By Lisa Donchak & Rachel Tennenbaum

Last Tuesday, Professor Michael Urban approached the redwood trees on Science Hill carrying a container of chicken salad: “Shall we have lunch?” he asked, addressing those within the trees.

The politics professor had come to bring them food, a policy the administration adamantly opposes.

Approximately 20 other UC Santa Cruz students gathered around the base of the still-inhabited redwood trees and anticipated Urban’s arrival for close to an hour.

Many were expecting arrests in the wake of Urban’s actions; administrators have repeatedly warned the community to avoid the site of the tree-sitters and to refrain from supplying them with food.

Along with chicken salad, Urban brought grapes and bread. “We’ll eat sparsely and symbolically at the moment,” he said, before attaching the plastic grocery bag of food to a rope the tree sitters lowered down from the branches, and their lunch disappeared into the trees.

When asked why he was supplying the protesters with food, Urban replied, “I’m interested in what they’re doing and I support it. We’re having lunch … I don’t want confrontation.”

One of the tree-sitters shouted down to the crowd at one point during the event, and asked, “Is there any security?”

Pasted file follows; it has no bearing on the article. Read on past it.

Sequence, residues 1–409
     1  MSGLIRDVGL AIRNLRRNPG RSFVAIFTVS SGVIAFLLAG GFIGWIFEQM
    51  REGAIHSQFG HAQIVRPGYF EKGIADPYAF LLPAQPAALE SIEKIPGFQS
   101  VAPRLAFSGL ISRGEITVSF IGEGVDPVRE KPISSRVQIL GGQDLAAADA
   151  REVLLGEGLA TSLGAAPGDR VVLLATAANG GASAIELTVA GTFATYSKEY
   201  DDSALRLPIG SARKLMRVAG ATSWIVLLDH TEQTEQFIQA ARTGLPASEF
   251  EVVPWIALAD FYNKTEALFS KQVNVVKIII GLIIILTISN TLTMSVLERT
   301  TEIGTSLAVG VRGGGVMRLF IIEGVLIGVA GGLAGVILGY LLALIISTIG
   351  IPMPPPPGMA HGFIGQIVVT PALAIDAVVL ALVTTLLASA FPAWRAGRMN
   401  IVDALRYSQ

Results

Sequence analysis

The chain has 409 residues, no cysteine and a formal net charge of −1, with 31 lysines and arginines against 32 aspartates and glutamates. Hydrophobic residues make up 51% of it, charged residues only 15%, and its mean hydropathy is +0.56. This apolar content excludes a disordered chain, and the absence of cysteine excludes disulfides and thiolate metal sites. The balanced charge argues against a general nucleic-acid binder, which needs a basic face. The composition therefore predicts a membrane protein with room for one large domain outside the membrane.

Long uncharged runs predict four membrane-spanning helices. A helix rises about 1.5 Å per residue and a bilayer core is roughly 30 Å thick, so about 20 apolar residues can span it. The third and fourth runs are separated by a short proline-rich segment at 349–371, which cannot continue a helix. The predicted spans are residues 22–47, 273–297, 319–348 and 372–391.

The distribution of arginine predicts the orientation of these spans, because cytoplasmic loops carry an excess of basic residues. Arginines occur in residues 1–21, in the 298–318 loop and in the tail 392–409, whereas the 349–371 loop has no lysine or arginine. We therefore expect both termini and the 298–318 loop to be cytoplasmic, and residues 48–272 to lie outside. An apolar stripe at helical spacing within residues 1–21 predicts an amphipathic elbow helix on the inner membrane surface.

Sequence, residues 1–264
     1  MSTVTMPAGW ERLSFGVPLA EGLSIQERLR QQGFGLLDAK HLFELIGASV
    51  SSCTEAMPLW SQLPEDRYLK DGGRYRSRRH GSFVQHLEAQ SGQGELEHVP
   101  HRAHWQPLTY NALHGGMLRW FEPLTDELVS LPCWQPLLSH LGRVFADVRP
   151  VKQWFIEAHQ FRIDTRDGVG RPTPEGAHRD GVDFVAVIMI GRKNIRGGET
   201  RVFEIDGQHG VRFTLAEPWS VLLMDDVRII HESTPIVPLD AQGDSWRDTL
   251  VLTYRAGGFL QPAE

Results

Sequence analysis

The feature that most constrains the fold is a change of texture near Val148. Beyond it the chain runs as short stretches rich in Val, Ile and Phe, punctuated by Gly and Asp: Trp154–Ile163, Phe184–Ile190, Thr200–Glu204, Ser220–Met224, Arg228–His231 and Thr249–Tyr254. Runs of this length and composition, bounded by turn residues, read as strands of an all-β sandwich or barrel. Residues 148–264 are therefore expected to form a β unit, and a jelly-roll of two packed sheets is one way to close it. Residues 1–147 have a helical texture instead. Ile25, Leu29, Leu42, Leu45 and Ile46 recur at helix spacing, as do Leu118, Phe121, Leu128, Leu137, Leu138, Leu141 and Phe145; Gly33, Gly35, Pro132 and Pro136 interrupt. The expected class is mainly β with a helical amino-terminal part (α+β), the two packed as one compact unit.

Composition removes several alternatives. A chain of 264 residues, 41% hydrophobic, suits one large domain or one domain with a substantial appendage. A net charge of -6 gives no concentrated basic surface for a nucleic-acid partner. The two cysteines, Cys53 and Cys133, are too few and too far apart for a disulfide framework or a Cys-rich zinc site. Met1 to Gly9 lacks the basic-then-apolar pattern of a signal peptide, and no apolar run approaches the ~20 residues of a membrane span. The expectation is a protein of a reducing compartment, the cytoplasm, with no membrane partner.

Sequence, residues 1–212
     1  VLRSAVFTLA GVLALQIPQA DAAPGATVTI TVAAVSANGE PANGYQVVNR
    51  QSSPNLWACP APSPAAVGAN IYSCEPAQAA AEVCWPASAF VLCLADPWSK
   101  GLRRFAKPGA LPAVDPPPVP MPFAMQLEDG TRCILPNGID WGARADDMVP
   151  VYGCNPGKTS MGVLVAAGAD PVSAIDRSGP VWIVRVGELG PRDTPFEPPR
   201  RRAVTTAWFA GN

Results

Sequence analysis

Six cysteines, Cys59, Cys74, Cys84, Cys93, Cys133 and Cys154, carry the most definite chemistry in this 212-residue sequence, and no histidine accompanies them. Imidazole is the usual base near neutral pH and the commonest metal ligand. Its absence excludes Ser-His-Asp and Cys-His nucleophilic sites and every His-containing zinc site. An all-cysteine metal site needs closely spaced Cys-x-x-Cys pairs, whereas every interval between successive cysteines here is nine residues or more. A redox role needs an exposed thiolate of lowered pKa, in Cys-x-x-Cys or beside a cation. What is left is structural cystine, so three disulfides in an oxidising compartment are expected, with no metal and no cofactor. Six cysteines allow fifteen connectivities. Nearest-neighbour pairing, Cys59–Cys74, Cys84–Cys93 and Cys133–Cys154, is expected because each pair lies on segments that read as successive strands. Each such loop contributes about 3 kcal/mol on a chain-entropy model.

When the crowd responded that there wasn’t, the tree-sitter responded, “That’s kinda scary … it’s so calm today.”

While no campus police or security officers were at the event, one campus security car arrived at the site as students began to disperse. The officer, who wished to remain anonymous, did not get out of his car. He said he was “just watching.”

Chris Jay was one of the first to arrive at the site that afternoon; he showed up over an hour before Urban. When asked about the lack of campus security, he said, “I’m not surprised. It makes sense … they know it’s bad press to arrest university students.”

A number of students had also watched the exchange, including two of Urban’s students, Kot Hordynski and Sam Aranke. They heard about Urban’s plan from one of his teaching assistants.

Aranke explained why she attended the event. “Essentially what the administration is trying to do is starve them out, which is possibly the most inhumane thing you can do.”

Despite disapproval from the administration, the tree sitters show no sign of vacating the trees anytime soon.

After their impromptu lunch ended, Hordybski said, “It’s probably a good idea to keep in mind that there’s something going on here, as much as the powers that be might want to sweep it under the rug.”